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## Lecture 04

Our previous discussion of naive Bayes led us to the problem of overfitting, specifically in dealing with rare words for text classification. We investigated this problem a bit more formally in the context of probabilistic modeling and discussed maximum likelihood, maximum a posteriori, and Bayesian methods for parameter estimation. With a Bernoulli model for word presence in mind, we looked at the toy problem of estimating the bias of a coin from observed flips. We saw that general principles from probabilistic modeling reproduced our intuitive parameter estimates from last week, and, furthermore, justified the hack of smoothing counts to avoid overfitting. See Chapter 2 of Bishop for more details.

Some notes on probabilistic inference:

• Under maximum likelihood inference we define the “best” parameter values as those for which the observed data are most probable:
$$\hat{\theta}_{ML} = \mathrm{argmax}_{\theta} ~ p(D | \theta).$$
Employing this framework for the coin flipping example reproduces the intuitive relative frequency estimate from last week: $$\hat{\theta}_{ML} = {n \over N}$$. Unfortunately, as we saw for spam classification, maximum-likelihood estimates can often lead to overfitting (e.g., when n=0 or n=N).

• In a subtle but important distinction, maximum a posteriori inference formulates the problem as one of identifying the most probable parameters given the observed data:
$$\hat{\theta}_{MAP} = \mathrm{argmax}_{\theta} ~ p(\theta | D) = \mathrm{argmax}_{\theta} ~ p(D | \theta) p(\theta),$$
where the right-hand side follows from an application of Bayes’ rule. Using a conjugate prior beta distribution $$\mathrm{Beta}(\theta; \alpha, \beta)$$ for the coin flipping example reproduces the “smoothed” estimate: $$\hat{\theta}_{MAP} = {n + \alpha – 1 \over N + \alpha + \beta – 2}$$, where $$\alpha$$ and $$\beta$$ act as pseudocounts for the number of heads and tails seen before any actual data are observed. This allows us to address the overfitting problem by specifying the shape of the prior distribution via $$\alpha$$ and $$\beta$$. Setting $$\alpha$$ and $$\beta$$ to 1 corresponds to a uniform prior distribution and yields the maximum likelihood estimate above, while larger values of $$\alpha$$ and $$\beta$$ bias our estimates more heavily towards our prior distribution.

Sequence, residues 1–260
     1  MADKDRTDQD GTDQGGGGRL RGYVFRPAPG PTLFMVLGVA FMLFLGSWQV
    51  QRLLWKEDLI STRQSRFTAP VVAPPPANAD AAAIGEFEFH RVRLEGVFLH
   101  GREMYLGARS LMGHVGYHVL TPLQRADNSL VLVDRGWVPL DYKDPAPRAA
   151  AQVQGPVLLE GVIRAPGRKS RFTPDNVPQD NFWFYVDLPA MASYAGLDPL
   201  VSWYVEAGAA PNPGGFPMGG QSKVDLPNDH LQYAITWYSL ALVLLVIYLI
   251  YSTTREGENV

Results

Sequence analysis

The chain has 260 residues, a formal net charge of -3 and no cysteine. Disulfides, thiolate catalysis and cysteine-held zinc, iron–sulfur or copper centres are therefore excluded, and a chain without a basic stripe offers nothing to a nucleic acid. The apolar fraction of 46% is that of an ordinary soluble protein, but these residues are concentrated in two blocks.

• Bayesian inference dispenses with the idea of point estimates for the parameters all together in favor of keeping full distributions over all unknown quantities:
$$p(\theta | D) = {p(D | \theta) p(\theta) \over p(D)}$$
In contrast to MAP estimation, this requires calculation of the normalizing constant $$p(D)$$, often referred to as the marginal likelihood or evidence. Fortunately the choice of a conjugate prior distribution reduces the potentially difficult task of calculating the evidence to simple algebra. For example, the posterior distribution for the coin flipping example with a beta prior is simply a beta distribution with updated hyperparameters, $$\mathrm{Beta}(\theta; n + \alpha, N – n + \alpha + \beta)$$. Likewise, the predictive distribution $$p(x|D)$$, which provides the probability of future outcomes given the observed data, amounts to a simple ratio of beta distributions.

Returning to naive Bayes for text classification, any of the above methods may be used to estimate the many (independent) parameter values in our model. Maximum likelihood estimation has no tunable hyperparameters, whereas MAP estimation and Bayesian inference require the specification of a prior distribution that, in practice, is often tuned for optimal generalization error. Regardless of which method we choose, however, naive Bayes still models features independently. Next we’ll extend our discussion of linear methods for classification to linear and logistic regression, which account for correlations amongst model features.

During the second part of class we looked at a python script to fetch email data from an imap server as well as some shell scripting to parse raw email data, and concluded with an introduction to Python.